Interview with Roye, conducted by Attila on September 13, 1996, covering the time from getting back after the first US tour, the release of the albums Down To Earth and Recycled to Roye's departure.

The Euro / USA Confusion

We were surprised actually that RTF got as far as it did in the US (for a first release, that is), and by rights it was normal that as soon as it started to fall, a new product should be readied for release. The idea is that if you leave it too long, then people tend to forget about you, especially if you are a new band. All very well and good, but when record companies cannot agree upon who is to pay this and who is to pay that, it ends up that they forget just who pays for it all in the end anyway. And while a year–long bickering session went on between certain parties in Europe and certain partys in the US, somebody forgot the most important thing of all and that was to release a new album.

"Down To Earth": Bad Timing?

So confused were they about who should pay for what, that they eventually released the wrong album… Down To Earth was not for the American market, but Recycled was, and I believe to this day that had they released Recycled directly after RTF and not waited a year and released Earth, then Nektar might have been in a different position today… Possibly even still together… I don't say that they were to take all the blame, we were just as much at fault for being so stupid as to stand by and watch it all happen. Still, we had our chance and unfortunately blew it. But the most exciting album was yet to be made and although I thought that RTF was a great album, Recycled was my all–time Nektar favourite.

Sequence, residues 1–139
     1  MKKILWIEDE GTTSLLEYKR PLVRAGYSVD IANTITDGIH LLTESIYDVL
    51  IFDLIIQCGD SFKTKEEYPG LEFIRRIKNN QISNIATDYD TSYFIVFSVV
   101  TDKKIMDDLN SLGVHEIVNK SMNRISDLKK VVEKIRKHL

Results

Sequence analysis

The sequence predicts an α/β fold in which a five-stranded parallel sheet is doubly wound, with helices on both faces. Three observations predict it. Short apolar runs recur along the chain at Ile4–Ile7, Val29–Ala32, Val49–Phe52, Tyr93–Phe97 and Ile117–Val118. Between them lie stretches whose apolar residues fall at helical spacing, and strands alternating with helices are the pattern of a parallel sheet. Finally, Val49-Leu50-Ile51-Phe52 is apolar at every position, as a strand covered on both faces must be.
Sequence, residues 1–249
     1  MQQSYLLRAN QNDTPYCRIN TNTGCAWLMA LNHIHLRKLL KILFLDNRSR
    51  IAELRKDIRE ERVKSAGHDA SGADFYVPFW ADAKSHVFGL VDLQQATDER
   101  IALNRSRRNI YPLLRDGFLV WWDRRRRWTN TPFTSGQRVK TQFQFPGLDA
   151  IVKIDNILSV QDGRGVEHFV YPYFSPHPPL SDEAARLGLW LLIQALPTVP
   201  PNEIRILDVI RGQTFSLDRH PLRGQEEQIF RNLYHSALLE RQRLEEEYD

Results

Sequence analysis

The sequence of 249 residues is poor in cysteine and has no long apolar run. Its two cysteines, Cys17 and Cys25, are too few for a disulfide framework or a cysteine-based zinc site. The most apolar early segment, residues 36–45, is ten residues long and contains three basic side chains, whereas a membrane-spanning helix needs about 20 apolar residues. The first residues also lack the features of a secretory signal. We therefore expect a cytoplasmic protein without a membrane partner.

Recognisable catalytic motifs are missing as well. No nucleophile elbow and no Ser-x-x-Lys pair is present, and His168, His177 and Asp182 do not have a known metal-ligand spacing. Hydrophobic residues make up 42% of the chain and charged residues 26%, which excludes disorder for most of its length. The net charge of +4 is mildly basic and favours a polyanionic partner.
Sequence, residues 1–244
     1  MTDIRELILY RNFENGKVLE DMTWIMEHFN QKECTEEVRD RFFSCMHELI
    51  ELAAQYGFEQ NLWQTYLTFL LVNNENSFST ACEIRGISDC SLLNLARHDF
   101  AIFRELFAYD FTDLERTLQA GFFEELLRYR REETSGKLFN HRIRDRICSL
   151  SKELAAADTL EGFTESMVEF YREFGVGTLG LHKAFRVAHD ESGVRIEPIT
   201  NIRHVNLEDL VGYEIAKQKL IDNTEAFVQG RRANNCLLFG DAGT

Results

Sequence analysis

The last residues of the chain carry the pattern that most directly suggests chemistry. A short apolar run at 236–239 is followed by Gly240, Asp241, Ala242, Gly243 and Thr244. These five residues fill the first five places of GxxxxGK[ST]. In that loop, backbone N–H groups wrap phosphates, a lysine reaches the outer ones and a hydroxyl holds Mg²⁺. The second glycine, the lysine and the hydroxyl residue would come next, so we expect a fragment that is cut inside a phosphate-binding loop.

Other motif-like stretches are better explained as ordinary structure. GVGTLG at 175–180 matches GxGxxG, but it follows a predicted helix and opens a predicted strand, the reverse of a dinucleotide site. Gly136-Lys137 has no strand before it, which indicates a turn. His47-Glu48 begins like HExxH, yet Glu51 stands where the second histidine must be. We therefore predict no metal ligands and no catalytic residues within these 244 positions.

It was quite comical when we arrived at the studios in France for the recording of Recycled. The studio hadn't been finished and they were waiting for tape machines and outboard gear to arrive! I remember Larry Fast just shaking his head in disbelief it was all a bit gob smacking. I think that any other band would have probably freaked but all we could do was sit and laugh about it all. Still, we used the time to our advantage and rearranged a few parts that were niggling us before the actual recording started


I think everybody enjoyed laying the tracks down for that album, and I was very impressed at Larry and the part that he played in lifting the album to a new dimension with his incredible ideas and abilities in the synth department. Again, a lot of experimentation was going on and when we eventually mixed it down we had virtually two different sounding sides to the record. Side one was open and full of ambience, while side two was dry and direct. A strange combination indeed… But I liked it! It was an album to remember in the future and a pleasant finale to my time with the original band.


Still, I had ideas that I could achieve other things, and headed back to Germany to meet with my record company and maybe a solo career… That's when I really got kicked in the teeth…

Interview with Roye, conducted by Attila on October 28, 1996, covering the time of Roye's leaving Nektar, the band Snowball, the re–union, Man In The Moon, and post–Nektar.
Roye's Chronicles part 4